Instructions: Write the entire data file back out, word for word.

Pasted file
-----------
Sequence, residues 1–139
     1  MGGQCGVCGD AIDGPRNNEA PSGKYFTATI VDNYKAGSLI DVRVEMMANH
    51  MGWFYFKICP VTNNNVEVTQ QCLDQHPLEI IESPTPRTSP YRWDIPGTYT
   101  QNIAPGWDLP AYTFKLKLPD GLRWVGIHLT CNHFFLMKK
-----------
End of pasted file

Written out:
Sequence, residues 1–139
     1  MGGQCGVCGD AIDGPRNNEA PSGKYFTATI VDNYKAGSLI DVRVEMMANH
    51  MGWFYFKICP VTNNNVEVTQ QCLDQHPLEI IESPTPRTSP YRWDIPGTYT
   101  QNIAPGWDLP AYTFKLKLPD GLRWVGIHLT CNHFFLMKK